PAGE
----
Online advertising ROI or return on investment is a major consideration for anyone focused on response rates more than branding.
Response and branding are the two primary benefits of any advertising campaign.
Online ROI is difficult to track for branding because the results are not always immediate or directly measurable if the goal is brand awareness or offline sales.
That is not the case with response, which can be immediate in the online environment.
What is Online ROI?
The investment part of return on investment is a combination of all hard and soft costs for the campaign. A hard cost is the advertising expense because it is directly measurable and identifiable.
A soft cost is labor if it is done internally because it is more difficult to track the total labor of a project on the part of a person who has other projects and tasks. Soft costs such as labor are often left out of the calculation, but they are necessary to consider.
The return part of online ROI usually is measured in multiple ways depending on the business that makes the investment. The business acquires new customers when they take any number of measurable actions:
- Complete a transaction
- For retailers, visit the store
- Help grow site audience
- View and click on site ads
- Register for an event or email newsletter
- Provide leads for new business
Three metrics help measure the return on investment. They are:
- Cost per thousand ad impressions
- Cost per click
- Cost per acquisition
These three metrics are trackable and quantifiable online, so the results can be analyzed and the campaign adjusted if necessary.
The formula for return on investment is: ROI = (Gain from Investment – Cost of Investment) / Cost of Investment.
ROI Using CPM, CPC and CPA
When a business launches an advertising campaign online, it buys a certain number of ad impressions that display the creative elements.
Impressions are often measured in blocks of 1,000. So a campaign with 100,000 impressions that costs $1,000 has a CPM of $10. In other words, the cost is $1,000 divided by 100 blocks of 1,000 impressions apiece.
The second metric is cost per click. A campaign with 100,000 impressions costing $1,000 has 100 total clicks. The cost per click is $10. But another campaign costing $1,000 has 500 clicks. The cost per click is $2. Clearly, the second campaign has a better return on investment using the CPC metric.
The third and most important metric is the acquisition of a customer in one of the various forms described above. Variations on this concept include cost per transaction (they buy something) or cost per lead (they send an email or fill out a form). The following example clarifies how it works.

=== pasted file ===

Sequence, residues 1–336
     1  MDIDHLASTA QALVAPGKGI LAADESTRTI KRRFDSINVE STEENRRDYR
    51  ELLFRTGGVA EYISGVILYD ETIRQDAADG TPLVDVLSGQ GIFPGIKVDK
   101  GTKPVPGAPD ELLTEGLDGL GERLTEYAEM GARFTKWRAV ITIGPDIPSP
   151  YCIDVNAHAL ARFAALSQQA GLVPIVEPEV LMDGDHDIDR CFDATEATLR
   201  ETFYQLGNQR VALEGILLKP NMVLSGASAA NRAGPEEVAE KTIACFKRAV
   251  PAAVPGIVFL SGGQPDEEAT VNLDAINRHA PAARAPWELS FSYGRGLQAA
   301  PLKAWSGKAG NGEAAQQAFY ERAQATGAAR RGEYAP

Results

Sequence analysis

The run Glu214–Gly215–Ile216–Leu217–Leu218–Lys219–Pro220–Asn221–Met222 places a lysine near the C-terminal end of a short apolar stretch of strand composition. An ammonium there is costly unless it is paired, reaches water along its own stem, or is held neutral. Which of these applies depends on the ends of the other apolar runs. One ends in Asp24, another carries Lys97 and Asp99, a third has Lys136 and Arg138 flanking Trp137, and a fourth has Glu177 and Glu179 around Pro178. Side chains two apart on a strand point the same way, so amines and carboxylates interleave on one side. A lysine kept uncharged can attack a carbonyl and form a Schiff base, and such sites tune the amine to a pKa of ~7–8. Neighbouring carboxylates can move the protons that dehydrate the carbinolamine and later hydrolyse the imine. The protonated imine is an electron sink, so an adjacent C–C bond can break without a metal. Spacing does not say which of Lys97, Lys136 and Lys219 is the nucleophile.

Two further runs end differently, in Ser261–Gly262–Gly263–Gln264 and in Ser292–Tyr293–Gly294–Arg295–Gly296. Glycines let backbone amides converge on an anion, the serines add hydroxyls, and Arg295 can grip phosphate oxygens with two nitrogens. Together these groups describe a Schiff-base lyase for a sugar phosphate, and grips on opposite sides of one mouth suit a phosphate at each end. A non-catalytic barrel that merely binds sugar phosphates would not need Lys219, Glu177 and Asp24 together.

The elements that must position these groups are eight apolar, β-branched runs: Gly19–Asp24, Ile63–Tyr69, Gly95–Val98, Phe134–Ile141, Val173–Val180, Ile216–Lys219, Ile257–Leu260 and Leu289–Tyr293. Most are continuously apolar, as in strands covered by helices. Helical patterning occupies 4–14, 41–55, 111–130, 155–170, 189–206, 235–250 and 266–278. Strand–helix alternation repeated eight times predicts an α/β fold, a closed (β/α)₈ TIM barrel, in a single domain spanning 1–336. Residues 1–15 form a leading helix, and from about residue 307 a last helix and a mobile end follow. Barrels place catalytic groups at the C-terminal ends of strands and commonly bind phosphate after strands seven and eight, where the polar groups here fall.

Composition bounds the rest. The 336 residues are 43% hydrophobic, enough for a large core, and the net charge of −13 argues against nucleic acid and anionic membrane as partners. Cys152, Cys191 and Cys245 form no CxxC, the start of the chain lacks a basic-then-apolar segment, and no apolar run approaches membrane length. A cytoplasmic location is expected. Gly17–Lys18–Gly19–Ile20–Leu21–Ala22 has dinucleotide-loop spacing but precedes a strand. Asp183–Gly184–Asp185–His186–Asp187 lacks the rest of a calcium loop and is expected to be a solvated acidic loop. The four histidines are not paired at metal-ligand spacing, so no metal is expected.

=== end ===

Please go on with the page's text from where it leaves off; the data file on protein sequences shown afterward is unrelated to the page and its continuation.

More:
As an example, let’s say a publisher wants to promote a website. The site has multiple revenue streams — its own ads from clients or third party sources and some transactional options such as an e-commerce application.
The site runs a campaign of contextual ads costing $1,000 on one or more of the major search engines.
At an average cost of 50 cents a click, the campaign generates 2,000 visits. Those visitors view ads, click on ads or complete a series of transactions.
If the campaign generates $1,200 in revenue on $1,000 in cost, the return on investment is 20 percent. The formula: ($1,200 – $1,000) / $1,000 = 20%.
If the campaign generates $1,000 in revenue, the ROI is 0%. It merely achieves the break-even point.
The more accurate way to track the return is by looking at the labor involved in setting up and managing the campaign.
The ROI looks only slightly worse if the total labor was one hour at $25 an hour, which might be achieved by focusing on only one or two high-volume keywords.
The ROI looks much worse is the total labor was 20 hours at $25 an hour. At that point, that campaign has clearly lost money.
What is a Good Advertising ROI?
A study by Nielsen Analytic Consulting showed that the average ROI for marketing that generated sales within three months of the investment was $109 returned for every $100 spent or a 9 percent ROI.
But the ROI for online was $218 returned for every $100 spent or a 118 percent return.
If only the stock market had those kinds of results.
Keep in mind that Nielsen is citing an average. The data doesn’t specify if the “costs” include soft labor. Campaigns may deliver well above or well below that average.
In my experience, a gross margin of 50 to 100 percent based only on the advertising budget is more realistic.
Factors determining results include:
- Time of year
- Audience target
- Effectiveness of landing page
- Strength or weakness in the economy
What matters is analyzing the ROI, making necessary adjustments to improve it and look for patterns that can be repeated.